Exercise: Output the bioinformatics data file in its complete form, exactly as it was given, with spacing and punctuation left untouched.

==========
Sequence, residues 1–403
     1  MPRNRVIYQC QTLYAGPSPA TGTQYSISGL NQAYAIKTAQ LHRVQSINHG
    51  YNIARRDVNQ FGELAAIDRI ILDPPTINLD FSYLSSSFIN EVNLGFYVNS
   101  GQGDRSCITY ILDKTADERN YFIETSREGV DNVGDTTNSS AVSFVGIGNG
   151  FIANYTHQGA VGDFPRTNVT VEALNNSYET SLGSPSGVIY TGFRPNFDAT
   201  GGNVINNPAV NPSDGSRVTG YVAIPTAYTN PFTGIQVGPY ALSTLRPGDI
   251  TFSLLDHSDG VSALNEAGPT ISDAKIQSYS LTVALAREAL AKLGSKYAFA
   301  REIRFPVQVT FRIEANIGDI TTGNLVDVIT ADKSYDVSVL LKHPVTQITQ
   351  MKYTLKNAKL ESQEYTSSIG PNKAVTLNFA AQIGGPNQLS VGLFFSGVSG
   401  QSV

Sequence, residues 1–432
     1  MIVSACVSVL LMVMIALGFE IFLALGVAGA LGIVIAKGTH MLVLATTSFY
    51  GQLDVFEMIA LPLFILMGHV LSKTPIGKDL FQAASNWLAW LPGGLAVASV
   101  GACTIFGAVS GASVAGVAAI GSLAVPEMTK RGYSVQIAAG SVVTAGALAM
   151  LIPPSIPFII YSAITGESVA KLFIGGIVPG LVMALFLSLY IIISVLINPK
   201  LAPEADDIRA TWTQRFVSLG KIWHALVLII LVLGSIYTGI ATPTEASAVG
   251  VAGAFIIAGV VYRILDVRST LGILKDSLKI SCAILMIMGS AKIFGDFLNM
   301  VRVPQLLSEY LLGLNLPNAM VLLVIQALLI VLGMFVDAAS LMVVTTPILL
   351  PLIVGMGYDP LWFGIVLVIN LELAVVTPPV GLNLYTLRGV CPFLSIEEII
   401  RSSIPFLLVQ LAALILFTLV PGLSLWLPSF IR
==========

Sequence, residues 1–403
     1  MPRNRVIYQC QTLYAGPSPA TGTQYSISGL NQAYAIKTAQ LHRVQSINHG
    51  YNIARRDVNQ FGELAAIDRI ILDPPTINLD FSYLSSSFIN EVNLGFYVNS
   101  GQGDRSCITY ILDKTADERN YFIETSREGV DNVGDTTNSS AVSFVGIGNG
   151  FIANYTHQGA VGDFPRTNVT VEALNNSYET SLGSPSGVIY TGFRPNFDAT
   201  GGNVINNPAV NPSDGSRVTG YVAIPTAYTN PFTGIQVGPY ALSTLRPGDI
   251  TFSLLDHSDG VSALNEAGPT ISDAKIQSYS LTVALAREAL AKLGSKYAFA
   301  REIRFPVQVT FRIEANIGDI TTGNLVDVIT ADKSYDVSVL LKHPVTQITQ
   351  MKYTLKNAKL ESQEYTSSIG PNKAVTLNFA AQIGGPNQLS VGLFFSGVSG
   401  QSV

Sequence, residues 1–432
     1  MIVSACVSVL LMVMIALGFE IFLALGVAGA LGIVIAKGTH MLVLATTSFY
    51  GQLDVFEMIA LPLFILMGHV LSKTPIGKDL FQAASNWLAW LPGGLAVASV
   101  GACTIFGAVS GASVAGVAAI GSLAVPEMTK RGYSVQIAAG SVVTAGALAM
   151  LIPPSIPFII YSAITGESVA KLFIGGIVPG LVMALFLSLY IIISVLINPK
   201  LAPEADDIRA TWTQRFVSLG KIWHALVLII LVLGSIYTGI ATPTEASAVG
   251  VAGAFIIAGV VYRILDVRST LGILKDSLKI SCAILMIMGS AKIFGDFLNM
   301  VRVPQLLSEY LLGLNLPNAM VLLVIQALLI VLGMFVDAAS LMVVTTPILL
   351  PLIVGMGYDP LWFGIVLVIN LELAVVTPPV GLNLYTLRGV CPFLSIEEII
   401  RSSIPFLLVQ LAALILFTLV PGLSLWLPSF IR